Basic HU Unlooper Added Circuit

        Below is the basic circuit we have started with. It is currently, here, in block diagram. This circuit replaces many strings of high speed counters and multiplexers for glitched vcc voltage.  While we could have eliminated the counters in the RAM circuit, they may prove useful, later.

        The DAC is programmed via the 32K high speed cache ram. The clock for it's programming can be a multiple of the Unlooper clock/Atmel clock. (We may run the unlooper clock at higher speed and divide down to run the Atmel. (Not sure yet).

        The cache ram (15ns. static) is programmed via the Parallel port. The ram is set to write, data loaded, and set to read for the DAC. At this point, the Ram data controls the glitching sequence of the DAC. The DAC can also sync the normal glitching sequence from the Atmel/multiplexer output of the Unlooper and add the new glitches. This is much more precise that not syncing them. The DAC can also control the clock line to the card, over clock seperately or in conjunction with the Atmel code. Any daughter board clock line glitch is just added in without any problem.

        The above circuit is able to supply as many as 8 stable negative glitches per clock cycle if needed. Their width and depth can be programmed from software to the parallel port. (This assumes the card being clocked at 4.6mhz.)

        In preliminary tests, the above circuit can glitch over all of the startup routine if necessary and still glitch over the entire jump vector table of the eeprom without even breathing hard.

        The entire circuit is, for all intents and purposes, the reverse of the circuit used in a high speed memory scope.

        While there is no right or wrong way to do what this circuit does, it was the simplest way, without a complete rewrite of all existing software that only talks to a serial port. There are many possibilities. The reason for making the circuit a minimal connected add on was to allow existing unlooping and glitching functions to remain the same and allow the circuit to be switched in and out of circuit. In theory, the circuit could be run from the serial port if more chips were added to the circuit.  What we have done, so far, was simply to replace my strings of high speed counters and combiners with a circuit using a lot fewer chips and using no custom logic. While an AVR (PLA) could be used to supply the glitching....say for an ECM'ed card, reprogramming the logic would be beyond the ability of most users as the software is not easy to understand. Also, the fixed PLA method does not allow any variation in function, easily, although it does work very well to glitch over a precise set of instructions or area of an eeprom on the existing cards.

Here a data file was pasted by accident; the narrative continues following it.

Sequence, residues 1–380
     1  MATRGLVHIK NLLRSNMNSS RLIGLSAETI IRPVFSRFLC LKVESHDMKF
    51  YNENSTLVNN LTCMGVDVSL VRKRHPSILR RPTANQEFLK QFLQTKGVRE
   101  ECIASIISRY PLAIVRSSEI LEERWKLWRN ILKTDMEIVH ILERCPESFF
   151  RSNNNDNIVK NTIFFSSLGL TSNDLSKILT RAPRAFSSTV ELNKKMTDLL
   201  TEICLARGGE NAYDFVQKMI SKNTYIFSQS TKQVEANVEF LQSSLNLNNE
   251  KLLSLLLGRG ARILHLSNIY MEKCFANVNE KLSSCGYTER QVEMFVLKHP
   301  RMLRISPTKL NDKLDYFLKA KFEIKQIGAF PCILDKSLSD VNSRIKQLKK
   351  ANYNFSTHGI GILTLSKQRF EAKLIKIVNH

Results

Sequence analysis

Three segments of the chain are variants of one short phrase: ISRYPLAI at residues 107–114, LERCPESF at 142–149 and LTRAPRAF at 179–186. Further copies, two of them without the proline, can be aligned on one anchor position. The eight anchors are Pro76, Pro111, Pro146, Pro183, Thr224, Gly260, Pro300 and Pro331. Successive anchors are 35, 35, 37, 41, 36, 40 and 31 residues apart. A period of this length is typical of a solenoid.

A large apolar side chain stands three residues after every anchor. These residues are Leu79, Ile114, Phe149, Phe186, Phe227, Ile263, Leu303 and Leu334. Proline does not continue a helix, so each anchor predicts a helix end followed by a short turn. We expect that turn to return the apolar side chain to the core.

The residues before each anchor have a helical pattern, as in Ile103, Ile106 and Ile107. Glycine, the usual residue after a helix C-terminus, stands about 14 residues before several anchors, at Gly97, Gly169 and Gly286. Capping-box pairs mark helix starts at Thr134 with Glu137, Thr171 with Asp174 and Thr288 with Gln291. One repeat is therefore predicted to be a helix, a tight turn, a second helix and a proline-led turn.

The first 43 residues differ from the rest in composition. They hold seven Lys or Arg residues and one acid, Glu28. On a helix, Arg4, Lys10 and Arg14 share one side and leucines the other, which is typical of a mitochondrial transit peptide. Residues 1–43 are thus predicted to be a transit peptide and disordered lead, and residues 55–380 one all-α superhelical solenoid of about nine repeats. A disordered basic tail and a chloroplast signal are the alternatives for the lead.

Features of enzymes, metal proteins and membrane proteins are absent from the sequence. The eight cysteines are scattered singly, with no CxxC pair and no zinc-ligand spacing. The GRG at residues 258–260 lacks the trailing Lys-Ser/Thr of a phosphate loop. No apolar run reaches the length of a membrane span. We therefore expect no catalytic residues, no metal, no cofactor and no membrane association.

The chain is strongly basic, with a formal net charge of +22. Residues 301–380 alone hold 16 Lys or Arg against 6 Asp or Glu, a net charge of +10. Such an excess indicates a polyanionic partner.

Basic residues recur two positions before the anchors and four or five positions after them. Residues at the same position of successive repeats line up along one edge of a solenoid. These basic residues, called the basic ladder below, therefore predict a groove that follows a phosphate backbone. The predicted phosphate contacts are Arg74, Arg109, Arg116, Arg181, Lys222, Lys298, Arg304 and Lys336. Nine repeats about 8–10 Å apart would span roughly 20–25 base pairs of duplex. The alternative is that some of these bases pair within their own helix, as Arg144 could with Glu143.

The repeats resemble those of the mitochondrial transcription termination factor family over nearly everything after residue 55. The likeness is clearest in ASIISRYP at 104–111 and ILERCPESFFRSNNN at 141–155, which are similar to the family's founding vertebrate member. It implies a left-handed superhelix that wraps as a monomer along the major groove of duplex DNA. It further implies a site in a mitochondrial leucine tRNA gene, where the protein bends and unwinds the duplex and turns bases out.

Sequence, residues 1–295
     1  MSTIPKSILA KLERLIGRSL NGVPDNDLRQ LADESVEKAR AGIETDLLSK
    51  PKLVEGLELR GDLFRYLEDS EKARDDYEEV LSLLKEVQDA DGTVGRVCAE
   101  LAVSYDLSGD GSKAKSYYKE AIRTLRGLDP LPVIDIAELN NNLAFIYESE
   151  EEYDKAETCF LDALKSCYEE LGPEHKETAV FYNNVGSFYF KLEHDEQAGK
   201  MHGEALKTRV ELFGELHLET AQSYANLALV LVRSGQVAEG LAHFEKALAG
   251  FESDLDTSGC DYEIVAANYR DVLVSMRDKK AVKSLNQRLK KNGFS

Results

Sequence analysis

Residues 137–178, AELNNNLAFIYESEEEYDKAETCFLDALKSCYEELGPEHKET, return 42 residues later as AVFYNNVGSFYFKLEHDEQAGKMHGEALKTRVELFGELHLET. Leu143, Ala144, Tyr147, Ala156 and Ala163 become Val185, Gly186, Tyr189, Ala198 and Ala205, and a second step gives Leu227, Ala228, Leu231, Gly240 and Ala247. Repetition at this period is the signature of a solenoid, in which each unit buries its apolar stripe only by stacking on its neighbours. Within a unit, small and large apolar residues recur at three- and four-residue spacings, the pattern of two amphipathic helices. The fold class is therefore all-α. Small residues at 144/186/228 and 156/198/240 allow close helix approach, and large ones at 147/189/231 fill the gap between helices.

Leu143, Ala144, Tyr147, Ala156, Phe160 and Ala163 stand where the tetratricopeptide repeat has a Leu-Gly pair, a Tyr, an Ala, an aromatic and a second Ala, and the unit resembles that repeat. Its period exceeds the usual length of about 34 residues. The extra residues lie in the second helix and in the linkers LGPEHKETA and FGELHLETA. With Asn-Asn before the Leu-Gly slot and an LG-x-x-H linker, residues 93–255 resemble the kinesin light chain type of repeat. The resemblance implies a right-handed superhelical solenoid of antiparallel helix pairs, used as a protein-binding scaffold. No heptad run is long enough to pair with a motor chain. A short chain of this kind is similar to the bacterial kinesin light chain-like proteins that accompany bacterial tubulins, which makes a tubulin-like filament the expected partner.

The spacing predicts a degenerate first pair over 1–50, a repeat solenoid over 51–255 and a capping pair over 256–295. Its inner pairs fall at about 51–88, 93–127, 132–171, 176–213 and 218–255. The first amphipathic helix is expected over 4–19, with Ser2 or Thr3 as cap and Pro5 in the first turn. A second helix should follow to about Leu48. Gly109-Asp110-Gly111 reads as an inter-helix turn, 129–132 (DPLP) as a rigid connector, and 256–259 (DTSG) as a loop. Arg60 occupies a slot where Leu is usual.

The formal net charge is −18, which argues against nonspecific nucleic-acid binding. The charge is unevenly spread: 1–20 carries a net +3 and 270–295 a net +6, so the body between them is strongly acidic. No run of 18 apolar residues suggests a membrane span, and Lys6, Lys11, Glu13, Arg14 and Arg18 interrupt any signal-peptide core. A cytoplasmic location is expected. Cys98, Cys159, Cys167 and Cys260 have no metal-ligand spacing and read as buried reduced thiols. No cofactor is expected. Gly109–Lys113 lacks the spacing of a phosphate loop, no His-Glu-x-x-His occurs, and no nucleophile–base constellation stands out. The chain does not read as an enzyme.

To attack an HU that was ECM'ed what you have to do is as follows:

1. You will have to glitch over the corrupted Jump Vector part of the card.

2. You will have to flush the ram. This is because the ECM packet is still there and will overwrite the jump vector if the code executes again.

3. You will have to write the bootloader over the jump vector part of the card and change the execution and call points to the bootloader to match. You will also have to replace the cleanup code normally used with the bootloader to rewrite the jump vector area you wrote the bootloader to.

4. Remember, these cards are not FF'ed and the WDT is working just fine. The above can be done with a modified Eclipse script with the exception of glitching the jump vector tables which must be done with the new hardware addition.

        At the present time, there is one group looking at the use of multiple Atmels and combined multiplexers to do the same thing. In theory, this may also work.  As I said, there is no right or wrong way to do this.  I have played a little with this method but did not have good results.  JUST BE AWARE THAT ANY ATTEMPT TO SELL YOU AN UNLOOPER WITH MULTIPLE ATMELS AND STRANGE AND CLOUDED CLAIMS THAT IT WILL UNLOOP AN HU CARD SHOULD BE TAKEN FOR EXACTLY WHAT IT IS WORTH......Which at this time is nothing.

Page updated July1, 2001


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